I will be the first to admit that I am not much of a fan when it comes to first-person dungeon crawling games, they just aren’t my thing. That’s what made it even more surprising when I sat down with Idea Factory to learn about their upcoming game, MeiQ: Labyrinth of Death on PlayStation Vita. It’s a title that was no where near my radar, but it’s got my attention now.
MeiQ: Labyrinth of Death is from the same team that brought you Trillion: God of Destruction, but this is on the extreme opposite side in terms of type of game. For starters, the biggest thing, is that the game is trying to be more accessible for those like me who have a hard time of getting into dungeon crawlers. To do this, elements such as being able to run, automatically turning when you run into a wall, and less random encounters help to push the game along without feeling so much like a grind.
Turning the Clock Back
The story here is that the whole world has fallen into darkness and it’s up to the players and his group of girls to rewind time and bring light back into the world. Of course, to do this, players must fight through 4 different dungeons, conquer them and gain a key to rewind time. Your girls have been trained as mages and as such aren’t powerful enough to do it alone, so they all have guardians that help them. These guardians are actually robots, similar to Little Battlers kind of.
The interesting part of combat is that only four players can be out in combat at any given time. So with your four girls and their four guardians, you have to select each turn which one will be on the front line and which one will be sitting in the wings. Where this comes into play the most is for things like needing to heal, where you have to bring your girl to the front line to heal, then quickly send her back behind the robot to attack. Items also can only be used with the girl in the front row. It is a very interesting approach to dungeon combat.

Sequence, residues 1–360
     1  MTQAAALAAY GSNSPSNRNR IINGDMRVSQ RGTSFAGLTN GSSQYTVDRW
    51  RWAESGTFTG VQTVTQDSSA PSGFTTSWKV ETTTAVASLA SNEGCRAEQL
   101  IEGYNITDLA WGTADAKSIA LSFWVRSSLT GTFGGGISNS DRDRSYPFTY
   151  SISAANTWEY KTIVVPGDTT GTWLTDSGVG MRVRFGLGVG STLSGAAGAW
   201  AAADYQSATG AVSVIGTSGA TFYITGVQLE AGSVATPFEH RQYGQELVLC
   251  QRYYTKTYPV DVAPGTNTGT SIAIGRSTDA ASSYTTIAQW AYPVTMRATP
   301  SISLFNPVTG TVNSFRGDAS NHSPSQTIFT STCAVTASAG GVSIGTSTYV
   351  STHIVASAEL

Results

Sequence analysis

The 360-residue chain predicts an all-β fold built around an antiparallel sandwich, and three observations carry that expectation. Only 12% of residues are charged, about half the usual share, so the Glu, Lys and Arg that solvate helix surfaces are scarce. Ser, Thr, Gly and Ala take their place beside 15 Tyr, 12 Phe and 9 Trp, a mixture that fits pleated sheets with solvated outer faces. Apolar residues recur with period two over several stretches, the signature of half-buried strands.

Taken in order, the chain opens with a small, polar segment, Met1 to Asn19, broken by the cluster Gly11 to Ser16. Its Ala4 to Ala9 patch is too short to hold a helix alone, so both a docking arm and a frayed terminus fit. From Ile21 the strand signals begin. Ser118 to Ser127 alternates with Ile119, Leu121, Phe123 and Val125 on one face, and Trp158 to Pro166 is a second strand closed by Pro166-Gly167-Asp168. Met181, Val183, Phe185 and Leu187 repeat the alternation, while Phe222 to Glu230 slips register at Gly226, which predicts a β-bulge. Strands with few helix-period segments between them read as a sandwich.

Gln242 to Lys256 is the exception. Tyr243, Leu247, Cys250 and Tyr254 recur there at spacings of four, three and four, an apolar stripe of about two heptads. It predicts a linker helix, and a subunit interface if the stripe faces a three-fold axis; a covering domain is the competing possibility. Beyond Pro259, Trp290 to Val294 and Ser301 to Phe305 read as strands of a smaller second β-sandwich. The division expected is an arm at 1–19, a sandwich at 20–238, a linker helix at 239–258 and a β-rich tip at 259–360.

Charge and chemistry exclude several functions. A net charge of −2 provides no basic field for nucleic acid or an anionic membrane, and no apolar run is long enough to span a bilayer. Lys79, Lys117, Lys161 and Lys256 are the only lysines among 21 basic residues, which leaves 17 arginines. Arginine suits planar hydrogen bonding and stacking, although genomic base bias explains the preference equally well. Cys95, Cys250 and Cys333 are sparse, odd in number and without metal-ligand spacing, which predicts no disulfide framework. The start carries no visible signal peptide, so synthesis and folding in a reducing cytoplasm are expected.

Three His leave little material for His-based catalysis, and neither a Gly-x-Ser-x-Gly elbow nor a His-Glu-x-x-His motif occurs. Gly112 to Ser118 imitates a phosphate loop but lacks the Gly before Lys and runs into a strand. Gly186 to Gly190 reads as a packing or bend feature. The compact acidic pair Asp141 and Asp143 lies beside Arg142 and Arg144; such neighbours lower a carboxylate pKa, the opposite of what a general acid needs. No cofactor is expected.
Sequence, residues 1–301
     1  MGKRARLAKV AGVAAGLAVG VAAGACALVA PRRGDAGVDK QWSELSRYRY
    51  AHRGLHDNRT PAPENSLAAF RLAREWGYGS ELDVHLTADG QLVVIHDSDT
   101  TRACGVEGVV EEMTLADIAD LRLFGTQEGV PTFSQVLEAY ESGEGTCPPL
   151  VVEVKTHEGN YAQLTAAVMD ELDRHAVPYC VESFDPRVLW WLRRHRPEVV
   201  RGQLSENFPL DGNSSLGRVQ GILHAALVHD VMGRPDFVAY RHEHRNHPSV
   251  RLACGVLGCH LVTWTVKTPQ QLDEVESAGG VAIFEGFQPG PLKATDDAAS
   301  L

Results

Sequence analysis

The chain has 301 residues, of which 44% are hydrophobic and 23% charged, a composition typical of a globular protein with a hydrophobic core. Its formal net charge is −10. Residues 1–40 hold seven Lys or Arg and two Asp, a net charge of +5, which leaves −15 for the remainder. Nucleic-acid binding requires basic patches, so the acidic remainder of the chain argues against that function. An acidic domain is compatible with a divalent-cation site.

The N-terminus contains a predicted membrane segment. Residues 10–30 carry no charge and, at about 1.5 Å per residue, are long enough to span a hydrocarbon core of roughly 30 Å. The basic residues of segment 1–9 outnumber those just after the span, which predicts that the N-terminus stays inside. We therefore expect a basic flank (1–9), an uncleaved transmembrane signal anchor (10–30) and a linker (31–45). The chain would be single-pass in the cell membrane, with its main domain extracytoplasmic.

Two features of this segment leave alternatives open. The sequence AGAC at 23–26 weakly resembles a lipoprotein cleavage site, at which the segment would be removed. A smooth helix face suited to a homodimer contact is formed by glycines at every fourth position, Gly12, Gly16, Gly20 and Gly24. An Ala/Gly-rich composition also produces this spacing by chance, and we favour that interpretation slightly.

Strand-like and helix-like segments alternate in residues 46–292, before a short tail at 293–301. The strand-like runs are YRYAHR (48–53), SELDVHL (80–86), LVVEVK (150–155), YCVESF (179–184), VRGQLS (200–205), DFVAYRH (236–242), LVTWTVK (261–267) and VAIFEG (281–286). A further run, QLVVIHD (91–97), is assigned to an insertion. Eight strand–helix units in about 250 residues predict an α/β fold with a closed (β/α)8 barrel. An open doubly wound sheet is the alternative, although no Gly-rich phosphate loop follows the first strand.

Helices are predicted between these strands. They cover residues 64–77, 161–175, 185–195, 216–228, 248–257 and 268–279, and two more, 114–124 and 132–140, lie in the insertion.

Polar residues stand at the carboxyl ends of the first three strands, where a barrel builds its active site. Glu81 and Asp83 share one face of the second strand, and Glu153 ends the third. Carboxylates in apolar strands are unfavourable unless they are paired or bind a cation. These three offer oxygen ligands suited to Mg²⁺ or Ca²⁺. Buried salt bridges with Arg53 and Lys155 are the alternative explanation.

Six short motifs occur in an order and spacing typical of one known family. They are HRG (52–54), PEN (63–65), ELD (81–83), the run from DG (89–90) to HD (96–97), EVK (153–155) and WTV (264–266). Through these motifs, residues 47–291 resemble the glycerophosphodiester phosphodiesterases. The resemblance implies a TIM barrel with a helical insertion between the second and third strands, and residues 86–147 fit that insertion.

E3 2016 - MeiQ: Labyrinth of Death Preview - Death Maze (Vita)
Customization plays a big part in the game as well. You have the ability to change the arms, body, and such on the robot to use different elemental attacks. Elements play a big part in this, as each dungeon has it’s own element, so it is key to pay attention to how you customize your guardian. Each dungeon has multiple floors, traps, and hidden rooms, so exploration has been given a huge boon. Heck, you can even explore outside areas of the dungeon.
Guardians are also able to be broken, so you have to visit the town to repair your robots. In town there is also a Machina guild to accept quests at and a Machina factory where you can craft new parts for your robot. Of course, you can also fondle the breasts of female NPCs, so there is always fun to be had in town.
Remember the Time
Further adding to the accessibility of the game is the ability to use a repeat button to repeat attacks and skipping past fight animations is allowed. There is also no real penalty to dying, other then having to track back to the spot in the dungeon you died at.
It really was interesting to see just how excited I got for a dungeon crawling game. MeiQ: Labyrinth of Death looks to have found that nice spot of dungeon crawling without feeling like such a crawl. The combat looked really fun and the robot customization adds a lot to do. Look for MeiQ: Labyrinth of Death on the PlayStation Vita Fall 2016.